The Chicago Marathon, which takes place today for the 38th time since it started in 1977 (they only ran a half marathon in 1987), will be historic. For the first time since Carey Pinkowski took over as race director in 1990, it will no longer be employing pacemakers.
For more than a quarter of a century, Chicago has been one of the world’s foremost venues for a fast, flat course that also offered pacers. Without the “rabbits” the hope is that the races will be more intrinsically interesting, with the athletes having to rely on their own strategy and tactics.
“We have always tried to blend pace and competition,” Pinkowski told the Chicago Tribune. “But the athletes relied too much on the pace up front, and the chemistry of the competition has become too much about settling in behind the rabbits.
“Without the rabbits, the leaders need a much greater level of concentration. That will allow us to see more tactics, strategy and competition throughout the race.”
Chicago, sponsored by the Bank of America and one of six in the Abbott World Marathon Majors series along with Tokyo, London, Boston, Berlin and New York, will thus be aligning itself with two of that number - Boston and New York.
The race in the Windy City has a tradition of deep elite fields and fast times. Britain’s Steve Jones set a world best of 2:08.05 in 1984, and Khalid Khannouchi won the 1999 race in a world best of 2:05.42 (although, for the last six world records, Berlin has cornered the field).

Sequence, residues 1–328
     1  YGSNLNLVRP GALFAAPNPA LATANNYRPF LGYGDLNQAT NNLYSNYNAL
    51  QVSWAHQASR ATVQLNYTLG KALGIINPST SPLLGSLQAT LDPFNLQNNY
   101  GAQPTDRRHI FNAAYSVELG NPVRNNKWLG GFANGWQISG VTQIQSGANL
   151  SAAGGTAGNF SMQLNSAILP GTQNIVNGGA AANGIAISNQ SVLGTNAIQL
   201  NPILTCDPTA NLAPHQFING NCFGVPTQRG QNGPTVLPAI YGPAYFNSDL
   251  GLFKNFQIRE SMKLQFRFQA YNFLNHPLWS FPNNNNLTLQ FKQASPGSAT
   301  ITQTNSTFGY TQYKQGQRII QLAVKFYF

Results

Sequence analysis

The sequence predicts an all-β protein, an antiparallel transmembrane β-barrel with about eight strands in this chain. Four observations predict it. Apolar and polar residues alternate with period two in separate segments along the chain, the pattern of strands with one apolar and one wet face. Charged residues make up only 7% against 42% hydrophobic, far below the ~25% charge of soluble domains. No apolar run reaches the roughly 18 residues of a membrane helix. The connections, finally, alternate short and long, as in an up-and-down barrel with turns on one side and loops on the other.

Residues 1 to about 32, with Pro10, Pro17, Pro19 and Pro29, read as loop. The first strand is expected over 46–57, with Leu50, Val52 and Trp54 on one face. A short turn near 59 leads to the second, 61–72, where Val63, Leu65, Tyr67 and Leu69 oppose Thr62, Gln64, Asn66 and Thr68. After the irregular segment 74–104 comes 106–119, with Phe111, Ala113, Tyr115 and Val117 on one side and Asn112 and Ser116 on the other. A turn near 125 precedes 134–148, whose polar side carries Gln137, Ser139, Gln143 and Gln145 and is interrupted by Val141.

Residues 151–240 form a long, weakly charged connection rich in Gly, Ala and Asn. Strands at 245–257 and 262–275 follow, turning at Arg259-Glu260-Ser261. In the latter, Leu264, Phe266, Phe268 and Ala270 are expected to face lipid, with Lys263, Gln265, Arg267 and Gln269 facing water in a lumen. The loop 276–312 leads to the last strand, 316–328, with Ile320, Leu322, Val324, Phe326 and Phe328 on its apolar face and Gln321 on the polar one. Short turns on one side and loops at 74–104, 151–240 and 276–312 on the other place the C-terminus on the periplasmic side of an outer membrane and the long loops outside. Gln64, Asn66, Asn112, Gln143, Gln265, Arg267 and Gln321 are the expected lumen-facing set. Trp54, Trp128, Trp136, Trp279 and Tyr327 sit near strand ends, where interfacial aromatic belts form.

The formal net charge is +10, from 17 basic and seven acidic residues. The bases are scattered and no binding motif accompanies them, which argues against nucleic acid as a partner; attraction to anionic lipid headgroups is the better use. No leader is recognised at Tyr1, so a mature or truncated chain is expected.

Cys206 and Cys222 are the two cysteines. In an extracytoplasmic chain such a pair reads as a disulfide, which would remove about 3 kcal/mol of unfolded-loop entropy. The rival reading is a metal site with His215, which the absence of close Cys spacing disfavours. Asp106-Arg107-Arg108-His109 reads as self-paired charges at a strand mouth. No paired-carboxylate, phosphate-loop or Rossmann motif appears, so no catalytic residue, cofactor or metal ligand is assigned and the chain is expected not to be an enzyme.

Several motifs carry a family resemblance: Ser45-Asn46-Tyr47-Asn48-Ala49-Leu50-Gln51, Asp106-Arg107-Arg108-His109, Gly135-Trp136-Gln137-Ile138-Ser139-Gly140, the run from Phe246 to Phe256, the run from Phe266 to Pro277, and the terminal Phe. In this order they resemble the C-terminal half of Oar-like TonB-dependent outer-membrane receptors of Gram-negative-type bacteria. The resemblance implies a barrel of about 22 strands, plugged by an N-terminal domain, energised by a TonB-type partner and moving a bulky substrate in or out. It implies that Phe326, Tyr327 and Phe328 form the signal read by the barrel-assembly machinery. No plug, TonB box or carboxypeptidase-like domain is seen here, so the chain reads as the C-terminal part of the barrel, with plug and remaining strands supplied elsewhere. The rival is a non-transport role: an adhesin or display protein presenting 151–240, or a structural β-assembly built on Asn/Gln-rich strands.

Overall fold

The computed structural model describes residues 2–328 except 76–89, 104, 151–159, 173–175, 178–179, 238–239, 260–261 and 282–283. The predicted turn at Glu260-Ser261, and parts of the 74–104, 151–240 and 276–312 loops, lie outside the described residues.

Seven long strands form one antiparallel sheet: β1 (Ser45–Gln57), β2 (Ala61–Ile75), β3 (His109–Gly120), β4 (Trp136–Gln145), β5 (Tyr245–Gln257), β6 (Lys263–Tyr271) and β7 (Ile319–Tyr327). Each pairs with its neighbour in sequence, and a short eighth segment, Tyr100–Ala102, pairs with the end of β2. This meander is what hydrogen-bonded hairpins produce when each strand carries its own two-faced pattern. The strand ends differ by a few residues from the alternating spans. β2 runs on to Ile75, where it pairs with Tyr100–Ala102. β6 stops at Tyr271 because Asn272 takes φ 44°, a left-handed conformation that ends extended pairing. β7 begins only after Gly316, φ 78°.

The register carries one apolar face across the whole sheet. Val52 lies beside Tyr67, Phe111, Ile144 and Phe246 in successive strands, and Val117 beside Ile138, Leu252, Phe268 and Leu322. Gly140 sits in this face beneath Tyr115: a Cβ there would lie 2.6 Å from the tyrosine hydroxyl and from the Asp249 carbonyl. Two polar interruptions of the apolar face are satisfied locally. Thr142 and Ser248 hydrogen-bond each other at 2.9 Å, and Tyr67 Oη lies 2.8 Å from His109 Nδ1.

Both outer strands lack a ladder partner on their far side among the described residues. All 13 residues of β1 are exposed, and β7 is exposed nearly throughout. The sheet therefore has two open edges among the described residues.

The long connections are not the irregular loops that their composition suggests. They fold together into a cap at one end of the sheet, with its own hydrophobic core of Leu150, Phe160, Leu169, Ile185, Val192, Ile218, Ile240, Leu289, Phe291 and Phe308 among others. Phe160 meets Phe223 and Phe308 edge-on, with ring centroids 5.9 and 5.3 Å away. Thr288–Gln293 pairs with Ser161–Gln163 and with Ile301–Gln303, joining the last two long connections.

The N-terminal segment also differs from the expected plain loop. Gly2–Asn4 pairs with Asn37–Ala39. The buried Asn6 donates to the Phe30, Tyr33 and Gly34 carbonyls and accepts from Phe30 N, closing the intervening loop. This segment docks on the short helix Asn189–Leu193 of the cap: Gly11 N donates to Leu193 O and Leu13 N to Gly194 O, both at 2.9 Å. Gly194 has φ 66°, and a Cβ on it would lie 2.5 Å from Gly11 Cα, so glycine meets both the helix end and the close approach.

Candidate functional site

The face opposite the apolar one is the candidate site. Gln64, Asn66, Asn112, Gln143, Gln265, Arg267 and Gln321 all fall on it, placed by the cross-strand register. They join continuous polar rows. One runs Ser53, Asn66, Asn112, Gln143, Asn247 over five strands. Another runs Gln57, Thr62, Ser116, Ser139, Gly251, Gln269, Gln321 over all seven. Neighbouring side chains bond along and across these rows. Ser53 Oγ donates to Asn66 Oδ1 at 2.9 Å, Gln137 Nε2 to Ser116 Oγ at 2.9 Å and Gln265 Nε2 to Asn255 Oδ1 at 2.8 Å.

The women’s race has also produced world best marks, with Kenya’s Catherine Ndereba setting a time of 2:18.47 in 2011, and Paula Radcliffe claiming the record for herself in the Windy City the following year with a time of 2:17.18.
Should a runner break a course or world-record in Chicago, they will still be awarded an additional prize bonus for their efforts.
“This is a place where people always have come to run fast,” Pinkowski added. “Great competition produces great performances.”
Since Pinkowski took over, at least one of the “rabbits” was expected to take the race through to 19 miles at the required pace before dropping out - although in 2001, Ben Kimondiu of Kenya did the last bit too and won.
Kenya's competing runner Wesley Korir, 2012 Boston Marathon champion, recently told Phil Hersh of the Chicago Tribune that the change in mentality by doing away with a pacer could help combat the urge to use banned performance-enhancing drugs in the sport.
"This is one step toward curing the problem," Korir said. "The issue of time, the issue of (trying for) the under two-hour marathon, that is the problem.
"Running 2:03, 2:02, 2:01 is superhuman (the men's world record is 2:02:57). We have very few super humans who can run those times.
"When you have a kid just starting to race, and their mind is already thinking that to make it as a successful runner, you have to run those times, you are forcing them to go overboard, to do something that is not acceptable."
What Hersh terms “the most memorable race in the event’s history” - Joan Benoit Samuelson's win in 1985 - was achieved without pacemakers - and yet she still set a US record that lasted nearly 18 years.
Today, 30 years on from that victory in the memorable time of 2hr 21min 21sec, the athlete who became the first ever Olympic women’s marathon champion on the home ground of Los Angeles in 1984 had hoped to be back at the race in the Windy City - and she had another big target in mind.
However, illness caused her to be a late withdrawal from the event and, as such, she was denied the chance to write another chapter in what has been a memorable career.